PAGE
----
“Whoever loves his brother abides in the light, and in him there is no cause for stumbling. But whoever hates his brother is in the darkness and walks in the darkness, and does not know where he is going, because the darkness has blinded his eyes.” 1 John 2:9-10
I think I love. I try to love. But I’m often reminded at how much I fail at love.
This week the reminder came in an early morning wake up call. If anyone has ever suffered from ongoing insomnia, you know that when you finally, finally get into that deep sleep, usually with only about 3 hours left in the morning, if you’re suddenly waken up, your only precious true hours of sleep, it can be INFURIATING. And if it’s for something that seemed preventable, hell hath no fury.
In the midst of my early morning ferocious stupor, I couldn’t help but feel deep down conviction… if I can feel such indignation at being truly inconvenienced, do I truly love or do I only love if it’s fairly easy and convenient for me?
Amy Carmichael, who is referred to as God’s Missionary, wrote piercing words of such Calvary love.
If I belittle those whom I am called to serve, talk of their weak points in contrast perhaps with what I think of as my strong points; if I adopt a superior attitude, forgetting “Who made thee to differ? And what hast thou that thou hast not received?” then I know nothing of Calvary love.
If I can rebuke without a pang, then I know nothing of Calvary love.
If I am afraid to speak the truth, lest I lose affection, or lest the one concerned should say, “You do not understand,” or because I fear to lose my reputation for kindness; if I put my own good name before the other’s highest good, then I know nothing of Calvary love.
If I am content to heal a hurt slightly, saying “Peace, peace,” where there is no peace; if I forget the poignant word “Let love be without dissimulation” and blunt the edge of truth, speaking not right things but smooth things, then I know nothing of Calvary love.
If I take offense easily, if I am content to continue in a cool unfriendliness, though friendship be possible, then I know nothing of Calvary love.
If I feel bitter toward those who condemn me, as it seems to me, unjustly, forgetting that if they knew me as I know myself they would condemn me much more, then I know nothing of Calvary love.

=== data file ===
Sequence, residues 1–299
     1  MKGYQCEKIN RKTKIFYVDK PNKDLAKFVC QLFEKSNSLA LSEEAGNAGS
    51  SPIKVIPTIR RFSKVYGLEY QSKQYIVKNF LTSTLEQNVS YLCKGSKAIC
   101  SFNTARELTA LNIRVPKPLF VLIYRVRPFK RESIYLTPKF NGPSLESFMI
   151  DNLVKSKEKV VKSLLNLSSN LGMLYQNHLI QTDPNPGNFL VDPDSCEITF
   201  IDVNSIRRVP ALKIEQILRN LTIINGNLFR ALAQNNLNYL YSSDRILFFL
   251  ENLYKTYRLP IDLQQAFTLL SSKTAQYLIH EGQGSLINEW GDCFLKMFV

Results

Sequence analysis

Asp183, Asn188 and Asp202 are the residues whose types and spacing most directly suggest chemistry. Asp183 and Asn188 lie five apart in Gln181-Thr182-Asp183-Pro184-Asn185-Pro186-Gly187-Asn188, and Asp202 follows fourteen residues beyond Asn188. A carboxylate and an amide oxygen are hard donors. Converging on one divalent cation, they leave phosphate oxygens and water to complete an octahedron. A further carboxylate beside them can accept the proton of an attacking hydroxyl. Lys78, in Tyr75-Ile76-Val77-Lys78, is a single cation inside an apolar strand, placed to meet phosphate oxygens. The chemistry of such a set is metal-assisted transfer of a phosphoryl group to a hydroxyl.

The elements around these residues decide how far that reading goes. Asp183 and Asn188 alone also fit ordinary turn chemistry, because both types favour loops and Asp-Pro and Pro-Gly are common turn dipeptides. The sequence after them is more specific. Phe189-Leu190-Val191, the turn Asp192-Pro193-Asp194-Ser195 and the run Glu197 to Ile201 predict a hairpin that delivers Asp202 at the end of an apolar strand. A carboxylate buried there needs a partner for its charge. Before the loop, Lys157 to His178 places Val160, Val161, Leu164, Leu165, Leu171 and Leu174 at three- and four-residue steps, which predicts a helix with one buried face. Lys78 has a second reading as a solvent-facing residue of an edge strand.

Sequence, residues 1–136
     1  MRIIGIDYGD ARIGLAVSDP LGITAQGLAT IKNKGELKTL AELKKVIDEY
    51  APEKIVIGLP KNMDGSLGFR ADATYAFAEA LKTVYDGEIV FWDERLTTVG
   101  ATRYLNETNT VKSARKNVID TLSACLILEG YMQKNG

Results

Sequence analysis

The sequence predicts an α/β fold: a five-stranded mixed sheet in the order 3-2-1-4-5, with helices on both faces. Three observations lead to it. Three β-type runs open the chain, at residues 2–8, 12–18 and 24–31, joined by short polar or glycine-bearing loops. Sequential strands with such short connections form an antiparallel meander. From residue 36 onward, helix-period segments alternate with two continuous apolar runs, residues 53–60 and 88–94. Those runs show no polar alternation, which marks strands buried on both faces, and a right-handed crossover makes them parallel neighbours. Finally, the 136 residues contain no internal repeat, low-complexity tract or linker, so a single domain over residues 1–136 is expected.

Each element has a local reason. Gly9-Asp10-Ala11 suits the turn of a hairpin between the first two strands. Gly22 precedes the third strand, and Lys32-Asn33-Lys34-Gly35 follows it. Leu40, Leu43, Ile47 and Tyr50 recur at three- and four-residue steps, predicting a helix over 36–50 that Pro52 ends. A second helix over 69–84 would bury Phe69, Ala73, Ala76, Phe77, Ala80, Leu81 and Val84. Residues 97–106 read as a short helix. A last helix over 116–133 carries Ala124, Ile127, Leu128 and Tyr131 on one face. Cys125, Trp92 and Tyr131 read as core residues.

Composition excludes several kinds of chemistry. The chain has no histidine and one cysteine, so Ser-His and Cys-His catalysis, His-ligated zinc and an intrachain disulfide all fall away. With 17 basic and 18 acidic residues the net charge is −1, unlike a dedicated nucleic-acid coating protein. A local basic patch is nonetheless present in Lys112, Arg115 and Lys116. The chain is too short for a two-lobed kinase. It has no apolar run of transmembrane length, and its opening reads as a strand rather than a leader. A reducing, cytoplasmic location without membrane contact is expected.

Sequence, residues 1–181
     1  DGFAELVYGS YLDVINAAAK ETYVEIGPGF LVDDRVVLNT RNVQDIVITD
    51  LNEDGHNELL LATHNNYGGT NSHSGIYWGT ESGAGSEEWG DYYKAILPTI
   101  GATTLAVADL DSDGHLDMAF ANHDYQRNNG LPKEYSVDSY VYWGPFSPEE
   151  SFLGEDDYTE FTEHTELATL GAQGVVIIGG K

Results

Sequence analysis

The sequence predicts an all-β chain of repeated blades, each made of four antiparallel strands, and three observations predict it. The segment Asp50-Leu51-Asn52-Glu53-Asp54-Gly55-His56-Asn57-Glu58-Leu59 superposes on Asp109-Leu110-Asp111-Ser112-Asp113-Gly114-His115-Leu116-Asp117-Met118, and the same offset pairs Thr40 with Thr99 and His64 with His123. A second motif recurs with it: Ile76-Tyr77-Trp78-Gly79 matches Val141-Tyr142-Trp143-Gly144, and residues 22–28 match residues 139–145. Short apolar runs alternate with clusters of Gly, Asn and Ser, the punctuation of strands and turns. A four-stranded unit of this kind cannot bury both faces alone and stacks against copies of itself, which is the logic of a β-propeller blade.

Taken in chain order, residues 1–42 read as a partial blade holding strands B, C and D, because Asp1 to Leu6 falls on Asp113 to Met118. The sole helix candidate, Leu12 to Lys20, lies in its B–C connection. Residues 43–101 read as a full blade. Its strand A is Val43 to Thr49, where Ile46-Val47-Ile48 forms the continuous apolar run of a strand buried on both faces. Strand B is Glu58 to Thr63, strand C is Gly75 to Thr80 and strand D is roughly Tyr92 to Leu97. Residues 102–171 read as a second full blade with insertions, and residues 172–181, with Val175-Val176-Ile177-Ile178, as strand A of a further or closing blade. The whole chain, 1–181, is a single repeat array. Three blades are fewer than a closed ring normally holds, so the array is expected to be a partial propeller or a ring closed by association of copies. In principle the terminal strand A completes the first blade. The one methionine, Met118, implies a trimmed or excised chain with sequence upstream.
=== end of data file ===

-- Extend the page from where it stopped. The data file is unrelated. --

If souls can suffer alongside, and I hardly know it, because the spirit of discernment is not in me, then I know nothing of Calvary love.
If the ultimate, the hardest, cannot be asked of me; if my fellows hesitate to ask it and turn to someone else, then I know nothing of Calvary love.
That which I know not, teach Thou me, O Lord, my God.
We are not able to conjure up love in ourselves. We can’t force ourselves to feel differently. But love isn’t conjuring up warm, fuzzy, happy feelings. Love is a choice and a commitment. A commitment to Christ and to obey him when he says that the greatest commandment is to love Him and our neighbor as ourselves.
When we continue to see the darkness in ourselves, as I did, we can thank God for revealing it to us and know that in him there is absolutely zero condemnation. We’re human, we’re sinful, people have hurt us, we have characteristics, personality traits, and broken, messed up parts of our lives that, let’s be honest, are worthy of being despised by ourselves and by others.
We confess and repent and ask God to create a new heart within us. A kinder, softer, gentler heart. We choose to press into love and to act love out, even when it’s the most inconvenient and especially when we don’t feel it. We look to his Word, the Word that pierces, dividing the soul and spirit. And in doing so, his true agape love is poured out into our hearts as a gift of grace and it feels like water. Water that quenches a dry and thirsty soul.
Now on the last day, the great day of the feast, Jesus stood and cried out, saying, “If anyone is thirsty, let him come to Me and drink. “He who believes in Me, as the Scripture said, ‘From his innermost being will flow rivers of living water.'” John 7:37